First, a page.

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The role of DNA methylation in epigenetics of aging

Abstract

Recent research suggests that epigenetics, especially DNA methylation, plays a mechanistic role in aging. Epigenetic clocks, which measure changes in a few hundred specific CpG sites, can accurately predict chronological age in a variety of species,including humans. These clocks are currently the best biomarkers for predictingmortalityin humans.

Additionally, several studies have characterized the effects of aging across the methylome in a wide variety of tissues
from humans andmice. A small fraction (~2%) of the CpG sites show age-related changes, either hypermethylation or
hypomethylation with aging. Evaluation of non-CpG site methylation has only been examined in a few studies, with
about ~0.5% of these sites showing achangewith age. Therefore,while only a small fraction ofcytosinesin the genome
show changes in DNA methylation with age, this represents 2 to 3 million cytosines in the genome. Importantly, the
only study to compare the effect of aging on DNA methylation in male and female mice and humans found that N95%
of the age-related changes in DNAmethylation in the hippocampus were sexually divergent, i.e., themethylation did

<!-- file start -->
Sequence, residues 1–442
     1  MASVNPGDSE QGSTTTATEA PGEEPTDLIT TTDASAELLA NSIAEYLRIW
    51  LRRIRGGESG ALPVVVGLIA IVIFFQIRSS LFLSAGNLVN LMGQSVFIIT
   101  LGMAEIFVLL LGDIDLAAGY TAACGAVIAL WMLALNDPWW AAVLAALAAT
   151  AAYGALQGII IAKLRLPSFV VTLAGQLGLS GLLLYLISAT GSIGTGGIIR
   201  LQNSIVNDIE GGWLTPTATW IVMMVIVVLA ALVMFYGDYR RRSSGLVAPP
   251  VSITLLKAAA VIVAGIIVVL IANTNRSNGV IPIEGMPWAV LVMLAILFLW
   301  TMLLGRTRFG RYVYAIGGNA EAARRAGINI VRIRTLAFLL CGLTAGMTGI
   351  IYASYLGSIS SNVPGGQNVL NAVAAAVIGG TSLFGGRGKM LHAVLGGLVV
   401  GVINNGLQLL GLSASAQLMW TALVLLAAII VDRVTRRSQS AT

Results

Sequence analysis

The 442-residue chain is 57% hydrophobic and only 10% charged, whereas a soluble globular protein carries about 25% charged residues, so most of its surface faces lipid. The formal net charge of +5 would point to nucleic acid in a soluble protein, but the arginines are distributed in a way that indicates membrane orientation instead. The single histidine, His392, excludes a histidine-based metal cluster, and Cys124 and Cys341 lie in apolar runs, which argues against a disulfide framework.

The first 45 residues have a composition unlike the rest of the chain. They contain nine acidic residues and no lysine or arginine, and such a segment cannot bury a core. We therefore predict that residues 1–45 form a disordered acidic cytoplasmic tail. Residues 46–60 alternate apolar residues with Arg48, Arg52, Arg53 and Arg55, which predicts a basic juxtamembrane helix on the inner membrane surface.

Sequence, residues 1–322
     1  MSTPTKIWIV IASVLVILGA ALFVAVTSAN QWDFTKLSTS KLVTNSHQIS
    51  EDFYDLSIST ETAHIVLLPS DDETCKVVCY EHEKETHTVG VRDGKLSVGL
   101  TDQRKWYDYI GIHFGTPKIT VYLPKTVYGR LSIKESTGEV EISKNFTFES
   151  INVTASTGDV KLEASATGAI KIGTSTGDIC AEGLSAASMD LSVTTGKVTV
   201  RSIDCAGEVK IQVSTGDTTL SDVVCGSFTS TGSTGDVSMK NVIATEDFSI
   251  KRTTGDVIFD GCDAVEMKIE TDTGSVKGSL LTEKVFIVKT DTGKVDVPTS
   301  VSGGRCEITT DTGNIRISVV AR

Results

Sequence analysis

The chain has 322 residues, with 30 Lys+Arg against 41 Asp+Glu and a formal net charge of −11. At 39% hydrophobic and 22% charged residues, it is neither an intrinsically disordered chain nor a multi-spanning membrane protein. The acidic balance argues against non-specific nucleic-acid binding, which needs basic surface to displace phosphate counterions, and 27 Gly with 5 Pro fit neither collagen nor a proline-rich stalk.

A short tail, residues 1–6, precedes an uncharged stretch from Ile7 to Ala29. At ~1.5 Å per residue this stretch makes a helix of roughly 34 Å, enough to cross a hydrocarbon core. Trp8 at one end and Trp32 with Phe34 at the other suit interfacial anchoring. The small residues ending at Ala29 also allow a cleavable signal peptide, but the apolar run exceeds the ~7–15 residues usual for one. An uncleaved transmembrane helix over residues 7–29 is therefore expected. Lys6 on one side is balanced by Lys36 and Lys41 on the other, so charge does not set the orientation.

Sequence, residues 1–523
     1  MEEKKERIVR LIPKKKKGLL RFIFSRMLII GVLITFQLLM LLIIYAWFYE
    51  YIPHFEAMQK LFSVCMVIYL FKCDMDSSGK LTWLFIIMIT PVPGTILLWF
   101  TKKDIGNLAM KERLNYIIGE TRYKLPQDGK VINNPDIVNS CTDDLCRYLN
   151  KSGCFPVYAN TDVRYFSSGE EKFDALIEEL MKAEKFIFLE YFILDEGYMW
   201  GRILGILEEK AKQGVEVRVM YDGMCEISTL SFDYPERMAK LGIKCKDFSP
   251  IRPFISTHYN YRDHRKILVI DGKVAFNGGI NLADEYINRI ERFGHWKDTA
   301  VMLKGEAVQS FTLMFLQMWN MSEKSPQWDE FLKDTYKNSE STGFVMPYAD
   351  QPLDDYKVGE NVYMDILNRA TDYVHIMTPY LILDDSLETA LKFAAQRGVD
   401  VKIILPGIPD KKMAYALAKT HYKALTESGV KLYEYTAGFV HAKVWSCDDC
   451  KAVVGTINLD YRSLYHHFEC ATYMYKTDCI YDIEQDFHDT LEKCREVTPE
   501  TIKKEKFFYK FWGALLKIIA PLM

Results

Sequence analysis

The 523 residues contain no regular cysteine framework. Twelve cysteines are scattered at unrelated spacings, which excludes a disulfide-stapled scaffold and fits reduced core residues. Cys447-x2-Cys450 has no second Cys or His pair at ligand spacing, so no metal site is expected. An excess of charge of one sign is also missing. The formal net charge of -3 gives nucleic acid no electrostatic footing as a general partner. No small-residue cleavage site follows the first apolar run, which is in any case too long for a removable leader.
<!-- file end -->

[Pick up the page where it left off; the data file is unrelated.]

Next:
not differ betweenmales and females at young age but age-related changes occurredin one sex but not the other. The
age-related changes in DNA methylation tend to be enriched and under-represented in specific genomic contexts,
with some commonalities between tissues and species that require further investigation. The strongest evidence
that the age-related changes in DNA methylation play a role in aging comes from studies of anti-aging interventions
(e.g., caloric restriction, dwarfism, and rapamycin treatment) in mice. These anti-aging interventions deaccelerate the epigenetic clocks and reverse/prevent 20 to 40% of the age-related changes in DNA methylation. It will be imporant in the future to demonstrate that at least some of the age-related changes in DNA methylation directly lead to alterations in the transcriptome of cells/tissues that could potentially contribute to aging.

 

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